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Thread: Intel demos 144 layer QLC NAND for data centre SSDs

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    Intel demos 144 layer QLC NAND for data centre SSDs

    And it discussed its second gen Optane DC devices codenamed Barlow Pass.
    Read more.

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    Re: Intel demos 144 layer QLC NAND for data centre SSDs

    Stability, and Ultra fast large storage. Yes!

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    Re: Intel demos 144 layer QLC NAND for data centre SSDs

    I take it, like Optane at the moment, this is going to have limited benefits for most of us?

    I can't see how, for normal use, having Optane between RAM and SSD will make any major difference that can't be had from just adding more RAM at a substantially lower cost?

    If there's a proper benefit to be had, I'd love to try it out but I don't want to waste money on stuff that is going to make zero difference for my rather mundane uses.

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    Re: Intel demos 144 layer QLC NAND for data centre SSDs

    > in addition to this DIMM-based persistent memory hardware advancement,
    > Intel is working with Microsoft to add support for the tech in client versions of Windows

    I'd like to see what good system programmers would do with 4 DIMM slots in quad-channel mode, and 2 or 4 more DIMM slots populated with Optane DIMMs e.g. a bootable ramdisk appears feasible, with all the required changes to a BIOS/UEFI subsystem. With Optane DIMMs installed, a "Format RAM" option could be added to a BIOS menu, and chosen during a fresh OS install. Once a fresh OS install is finished, the BIOS would add that "ramdisk" to the list of bootable drives.

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    Re: Intel demos 144 layer QLC NAND for data centre SSDs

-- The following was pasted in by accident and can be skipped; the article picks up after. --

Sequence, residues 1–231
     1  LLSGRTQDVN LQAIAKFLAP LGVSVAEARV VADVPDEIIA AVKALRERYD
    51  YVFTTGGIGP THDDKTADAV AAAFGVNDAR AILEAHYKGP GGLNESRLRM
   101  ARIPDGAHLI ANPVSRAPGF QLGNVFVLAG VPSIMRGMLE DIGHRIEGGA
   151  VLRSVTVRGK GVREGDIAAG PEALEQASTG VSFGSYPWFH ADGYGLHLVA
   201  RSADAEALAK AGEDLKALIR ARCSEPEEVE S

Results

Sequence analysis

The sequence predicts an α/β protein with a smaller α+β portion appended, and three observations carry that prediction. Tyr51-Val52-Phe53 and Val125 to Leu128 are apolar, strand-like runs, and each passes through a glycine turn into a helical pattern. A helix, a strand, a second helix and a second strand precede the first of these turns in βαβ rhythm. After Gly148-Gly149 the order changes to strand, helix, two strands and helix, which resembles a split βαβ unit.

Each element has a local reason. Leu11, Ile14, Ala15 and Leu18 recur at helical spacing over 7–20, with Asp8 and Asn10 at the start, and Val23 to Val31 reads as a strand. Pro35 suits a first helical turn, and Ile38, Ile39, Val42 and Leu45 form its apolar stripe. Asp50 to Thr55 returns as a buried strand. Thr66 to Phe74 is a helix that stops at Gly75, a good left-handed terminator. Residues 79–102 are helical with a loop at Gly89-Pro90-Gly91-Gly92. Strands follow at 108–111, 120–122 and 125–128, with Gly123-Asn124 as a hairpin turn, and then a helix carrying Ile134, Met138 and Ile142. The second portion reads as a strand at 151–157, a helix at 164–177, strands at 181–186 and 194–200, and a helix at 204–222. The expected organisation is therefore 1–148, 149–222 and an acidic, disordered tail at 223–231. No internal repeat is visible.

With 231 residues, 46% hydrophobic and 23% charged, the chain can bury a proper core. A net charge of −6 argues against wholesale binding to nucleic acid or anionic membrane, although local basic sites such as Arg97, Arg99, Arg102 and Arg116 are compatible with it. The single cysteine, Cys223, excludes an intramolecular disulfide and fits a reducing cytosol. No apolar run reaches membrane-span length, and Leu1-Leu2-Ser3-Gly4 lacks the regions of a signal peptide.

Quote Originally Posted by philehidiot View Post
    I take it, like Optane at the moment, this is going to have limited benefits for most of us?

    I can't see how, for normal use, having Optane between RAM and SSD will make any major difference that can't be had from just adding more RAM at a substantially lower cost?

    If there's a proper benefit to be had, I'd love to try it out but I don't want to waste money on stuff that is going to make zero difference for my rather mundane uses.
    More layers drives down cost, so I'm sure consumer drives will see some benefit.

    As for Optane, it is cheaper than RAM, but more expensive than flash.

    OFC if Intel manage 5 bits per cell that is going to drive cost down but make performance way worse than current SSDs and probably decrease lifespan as well. That makes an Optane middle layer an easier sell, if it wasn't easier for SSD makers to just include a single level flash block in the SSD to give the boost there (which ISTR some already do).

    But yes, for most of us the performance change won't be noticeable in the slightest.


    Quote Originally Posted by MRFS View Post
    > in addition to this DIMM-based persistent memory hardware advancement,
    > Intel is working with Microsoft to add support for the tech in client versions of Windows

    I'd like to see what good system programmers would do with 4 DIMM slots in quad-channel mode, and 2 or 4 more DIMM slots populated with Optane DIMMs e.g. a bootable ramdisk appears feasible, with all the required changes to a BIOS/UEFI subsystem. With Optane DIMMs installed, a "Format RAM" option could be added to a BIOS menu, and chosen during a fresh OS install. Once a fresh OS install is finished, the BIOS would add that "ramdisk" to the list of bootable drives.